Ishant Sharma’s career is at the crossroads. From being “the best thing that’s happened to Indian cricket” in 2007 to Saturday’s massacre in Mohali, this Delhi speedster has failed even the best of his admirers.
For a bowler who has everything from height to physique it’s incredibly worrying that he has failed to live up to expectations in Zaheer Khan’s absence. In the third ODI, where Australia needed 44 off the last 18 deliveries, India seemed to have the match in the bag. But lower-order batsman James Faulkner slammed India’s most experienced seamer for 30 runs in the 48th over. The game turned on its head.
Whatever Mahendra Singh Dhoni may say to defend his bowler, one thing is for sure: India have to look beyond Ishant. For a bowler who has already played 51 Test matches and 68 ODIs, an overage of over 30 clearly indicates Ishant has already been given a long rope. And it’s time for him to get back to the basics before attempting another comeback.
Former India all-rounder Manoj Prabhakar, who also coached Ishant during his stint with the Delhi Ranji Trophy team a few years back, is completely disillusioned with Ishant’s bowling. “What can I say? It’s time for Ishant to go back to his coach and try and work on his problems,” Prabhakar said.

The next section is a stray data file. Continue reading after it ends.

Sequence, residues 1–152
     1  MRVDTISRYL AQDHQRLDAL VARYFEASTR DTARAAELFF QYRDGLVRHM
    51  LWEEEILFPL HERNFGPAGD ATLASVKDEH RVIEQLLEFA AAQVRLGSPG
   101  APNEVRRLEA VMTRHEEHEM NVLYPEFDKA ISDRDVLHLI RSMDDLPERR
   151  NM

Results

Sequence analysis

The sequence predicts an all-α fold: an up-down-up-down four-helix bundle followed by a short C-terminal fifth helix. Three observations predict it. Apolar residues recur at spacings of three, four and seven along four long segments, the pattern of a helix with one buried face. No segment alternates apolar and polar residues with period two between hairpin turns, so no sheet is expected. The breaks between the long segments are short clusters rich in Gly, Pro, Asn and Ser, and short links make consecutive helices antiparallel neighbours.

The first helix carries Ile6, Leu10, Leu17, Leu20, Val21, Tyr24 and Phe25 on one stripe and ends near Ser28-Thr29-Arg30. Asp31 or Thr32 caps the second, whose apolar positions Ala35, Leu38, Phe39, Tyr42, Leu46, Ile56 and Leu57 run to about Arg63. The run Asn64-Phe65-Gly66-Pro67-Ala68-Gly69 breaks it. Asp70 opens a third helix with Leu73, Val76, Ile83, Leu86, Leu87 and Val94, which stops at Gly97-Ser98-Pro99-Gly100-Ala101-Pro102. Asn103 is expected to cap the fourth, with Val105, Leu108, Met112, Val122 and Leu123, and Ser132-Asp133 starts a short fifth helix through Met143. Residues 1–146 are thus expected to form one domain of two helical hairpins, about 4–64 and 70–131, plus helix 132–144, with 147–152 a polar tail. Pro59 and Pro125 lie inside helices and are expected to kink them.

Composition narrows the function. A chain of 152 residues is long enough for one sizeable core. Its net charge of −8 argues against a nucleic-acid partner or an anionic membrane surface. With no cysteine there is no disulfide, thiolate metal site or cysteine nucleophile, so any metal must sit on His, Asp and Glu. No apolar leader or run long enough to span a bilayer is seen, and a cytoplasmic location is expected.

Prod him a little and he says, “Ishant lacks in line, length and imagination. There are so many technical issues with his bowling. But he can only improve if he goes to someone who knows him. Where is his coach? Why can’t he go to him?” Prabhakar added.
It’s no secret in Delhi circles that Ishant’s coach is Shrawan Kumar. And the Rohtak Road Gymkhana Club is only stone’s throw from his residence. And when dna tried to find out when Ishant last met his coach or practised with his old club mates, no one could recollect. “He doesn’t go to his coach anymore,” is what an Under-19 Delhi cricketer said. A phone call to his coach failed to yield a satisfactory answer. “He is mostly busy with the Indian team so he has not come here for a long time,” was all Shrawan had to say.
This newspaper has reliably learnt that Ishant hasn’t visited his coach in ages. In fact, he has opened his own cricket academy in partnership with an old Delhi Ranji teammate in upscale Delhi. “Now, Ishant only practises at his academy. Apparently, Ishant’s coach ‘failed’ to help one of his cousins get into a Delhi age-group side,” a veteran DDCA administrator said.
So who can help Ishant? If he is struggling against a weak Australian team, then how can the selectors pick him for the tour of South Africa? So far in this series, Ishant has conceded 56 runs off seven overs in Pune, 70 in Jaipur and 63 30 in just one over in Mohali.
“It will be unfair that all of a sudden when you lose one or two matches and you want a playing XI bowler to be removed and thrown out of the team by saying he is not good,” Dhoni had said.
But even he knows that Ishant is running out of time. “It’s very important to persist with them, to give them experience because they are the part of the side. They are the most talented people and let’s back them,” Dhoni went on to add after the Mohali debacle.
Hailing from a humble background, Ishant’s rise was phenomenal. But it may be just too hard for him to regain his form now, especially because no one’s guiding him. Wonder what Team India bowling coach Joe Dawes is doing!